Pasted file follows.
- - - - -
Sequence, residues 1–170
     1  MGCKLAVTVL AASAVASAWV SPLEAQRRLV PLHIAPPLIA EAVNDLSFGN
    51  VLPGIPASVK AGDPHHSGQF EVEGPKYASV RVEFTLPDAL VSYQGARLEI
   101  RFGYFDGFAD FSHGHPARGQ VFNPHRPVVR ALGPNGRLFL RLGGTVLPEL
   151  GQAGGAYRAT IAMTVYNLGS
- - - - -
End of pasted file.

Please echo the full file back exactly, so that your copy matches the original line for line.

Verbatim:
Sequence, residues 1–170
     1  MGCKLAVTVL AASAVASAWV SPLEAQRRLV PLHIAPPLIA EAVNDLSFGN
    51  VLPGIPASVK AGDPHHSGQF EVEGPKYASV RVEFTLPDAL VSYQGARLEI
   101  RFGYFDGFAD FSHGHPARGQ VFNPHRPVVR ALGPNGRLFL RLGGTVLPEL
   151  GQAGGAYRAT IAMTVYNLGS